HAVING THE name “Seth MacFarlane” attached to an animated show about immigration already had some pop-culture watchers on high alert.

A new name on the project, though, seems to have assuaged some concerns.

Lalo Alcaraz, the commentator and creator of the syndicated, sociopolitically themed strip “La Cucaracha,” has been announced as a writer on the show “Bordertown,” which is set to debut next fall on Fox.

Now there’s a distinct ray of hope that even if the show takes satiric swipes at immigrants, those one-liners will be just one part of an equal-opportunity comedy.

“Everybody gets poked fun at in ‘Bordertown,’ “ Alcaraz tells Comic Riffs, “but its main focus is the changing world around the modern-day Archie Bunker, put-upon character, [Border Patrol agent] Bud Buckwald -- and his relationship with his neighbor, the unflappable and optimistic Mexican immigrant character, Ernesto Gonzalez.”

"Bordertown’s” lead characters include Archie Bunker-like Border Patrol agent Bud Buckwald and his unflappable Mexican-immigrant neighbor, Ernesto Gonzalez. (Created by SETH MacFARLANE/Courtesy of FOX TV)

“Bordertown” is set in a fictitious Texas town near the U.S.-Mexico border. And if the cast of characters was going to be diverse, then it made sense to have the writers’ room reflect that.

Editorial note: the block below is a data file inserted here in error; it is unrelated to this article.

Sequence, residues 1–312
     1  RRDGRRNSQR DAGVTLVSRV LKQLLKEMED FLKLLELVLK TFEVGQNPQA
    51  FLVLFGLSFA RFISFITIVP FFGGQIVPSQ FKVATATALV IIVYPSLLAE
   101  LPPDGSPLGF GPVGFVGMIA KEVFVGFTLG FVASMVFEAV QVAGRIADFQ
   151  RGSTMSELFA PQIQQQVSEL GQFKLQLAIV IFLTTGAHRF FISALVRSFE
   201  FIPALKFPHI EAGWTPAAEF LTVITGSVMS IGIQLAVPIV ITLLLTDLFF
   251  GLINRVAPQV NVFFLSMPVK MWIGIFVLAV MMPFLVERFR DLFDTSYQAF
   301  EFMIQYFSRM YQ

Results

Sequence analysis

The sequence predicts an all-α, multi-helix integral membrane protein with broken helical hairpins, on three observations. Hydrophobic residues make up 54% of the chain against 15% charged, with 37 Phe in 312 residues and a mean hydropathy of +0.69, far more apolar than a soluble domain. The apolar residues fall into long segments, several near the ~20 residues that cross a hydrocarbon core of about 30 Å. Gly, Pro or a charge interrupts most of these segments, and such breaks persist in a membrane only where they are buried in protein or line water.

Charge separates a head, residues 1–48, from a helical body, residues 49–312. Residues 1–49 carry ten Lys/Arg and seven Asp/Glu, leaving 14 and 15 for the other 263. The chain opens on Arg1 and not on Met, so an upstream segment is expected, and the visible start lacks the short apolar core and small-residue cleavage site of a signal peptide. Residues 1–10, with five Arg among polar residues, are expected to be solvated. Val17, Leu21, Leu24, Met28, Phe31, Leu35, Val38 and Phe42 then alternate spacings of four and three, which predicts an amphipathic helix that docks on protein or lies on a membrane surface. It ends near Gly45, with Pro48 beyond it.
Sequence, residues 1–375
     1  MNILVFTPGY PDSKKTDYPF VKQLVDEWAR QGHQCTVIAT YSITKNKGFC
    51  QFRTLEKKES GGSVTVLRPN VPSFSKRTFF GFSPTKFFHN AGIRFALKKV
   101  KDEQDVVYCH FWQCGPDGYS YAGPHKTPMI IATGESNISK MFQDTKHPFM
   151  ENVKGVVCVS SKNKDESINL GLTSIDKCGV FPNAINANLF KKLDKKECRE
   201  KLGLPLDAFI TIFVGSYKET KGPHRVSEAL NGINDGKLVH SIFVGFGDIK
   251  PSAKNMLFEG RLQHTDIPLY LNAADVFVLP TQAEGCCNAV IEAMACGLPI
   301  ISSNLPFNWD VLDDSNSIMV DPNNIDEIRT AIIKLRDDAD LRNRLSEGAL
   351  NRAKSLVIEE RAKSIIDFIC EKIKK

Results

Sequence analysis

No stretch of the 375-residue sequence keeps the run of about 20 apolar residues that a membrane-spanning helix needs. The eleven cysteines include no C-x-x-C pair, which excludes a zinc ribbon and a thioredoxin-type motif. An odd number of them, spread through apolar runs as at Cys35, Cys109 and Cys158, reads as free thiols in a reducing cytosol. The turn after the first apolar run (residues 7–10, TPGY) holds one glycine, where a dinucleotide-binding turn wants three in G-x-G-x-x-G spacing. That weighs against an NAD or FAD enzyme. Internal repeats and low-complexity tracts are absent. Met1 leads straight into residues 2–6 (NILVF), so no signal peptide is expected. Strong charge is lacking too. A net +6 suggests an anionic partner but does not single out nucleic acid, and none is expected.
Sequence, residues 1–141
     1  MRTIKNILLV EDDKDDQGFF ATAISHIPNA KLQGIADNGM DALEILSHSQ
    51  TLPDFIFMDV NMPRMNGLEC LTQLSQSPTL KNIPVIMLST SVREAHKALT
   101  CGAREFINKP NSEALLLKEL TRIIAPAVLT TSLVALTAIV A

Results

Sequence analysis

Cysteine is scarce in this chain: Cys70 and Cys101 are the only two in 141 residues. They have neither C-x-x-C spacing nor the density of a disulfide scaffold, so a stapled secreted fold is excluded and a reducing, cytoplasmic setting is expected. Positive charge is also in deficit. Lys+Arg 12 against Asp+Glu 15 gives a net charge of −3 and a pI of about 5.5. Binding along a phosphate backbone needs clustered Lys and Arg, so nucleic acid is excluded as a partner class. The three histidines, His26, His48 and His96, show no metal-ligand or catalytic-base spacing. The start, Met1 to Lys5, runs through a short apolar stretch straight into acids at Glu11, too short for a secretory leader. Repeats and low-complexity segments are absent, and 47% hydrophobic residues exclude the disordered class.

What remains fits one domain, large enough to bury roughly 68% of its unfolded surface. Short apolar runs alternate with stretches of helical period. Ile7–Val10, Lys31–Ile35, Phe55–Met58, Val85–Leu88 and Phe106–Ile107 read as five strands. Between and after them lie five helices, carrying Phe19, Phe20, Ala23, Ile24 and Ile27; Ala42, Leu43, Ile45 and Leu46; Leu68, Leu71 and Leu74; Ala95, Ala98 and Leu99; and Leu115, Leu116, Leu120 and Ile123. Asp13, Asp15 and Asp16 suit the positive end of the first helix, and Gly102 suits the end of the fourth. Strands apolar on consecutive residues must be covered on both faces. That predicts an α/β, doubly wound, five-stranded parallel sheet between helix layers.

“The writers’ room is actually pretty diverse, and we are focused on doing political and social satire with some meaning,” says Alcaraz, a California native of Mexican American descent. He is a vocal commentator on issues concerning Latinos, largely through both his comic strip, which became syndicated in 2002, and his L.A.-area radio show, "Pocho Hour of Power.”

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So how did Alcaraz — author of the upcoming book “Imperfect Union” (Basic Books) — become involved?

“I was called in by creator Mark Hentemann, who was looking for diverse writers for ‘Bordertown,’ “ says Alcaraz, who has noted that four of the show’s dozen writers or so are Mexican American. “He had read in Gustavo Arellano's ‘Ask A Mexican’ book that I was known to be a somewhat funny fellow.”

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As a fan of MacFarlane’s “Family Guy,” Alcaraz has a sense of what he’s in for. He’s only several days into the job, however — what will he do the first time he thinks a stereotype in the script crosses the line?

“I don’t know,” Alcaraz jokes. “Pray for me.”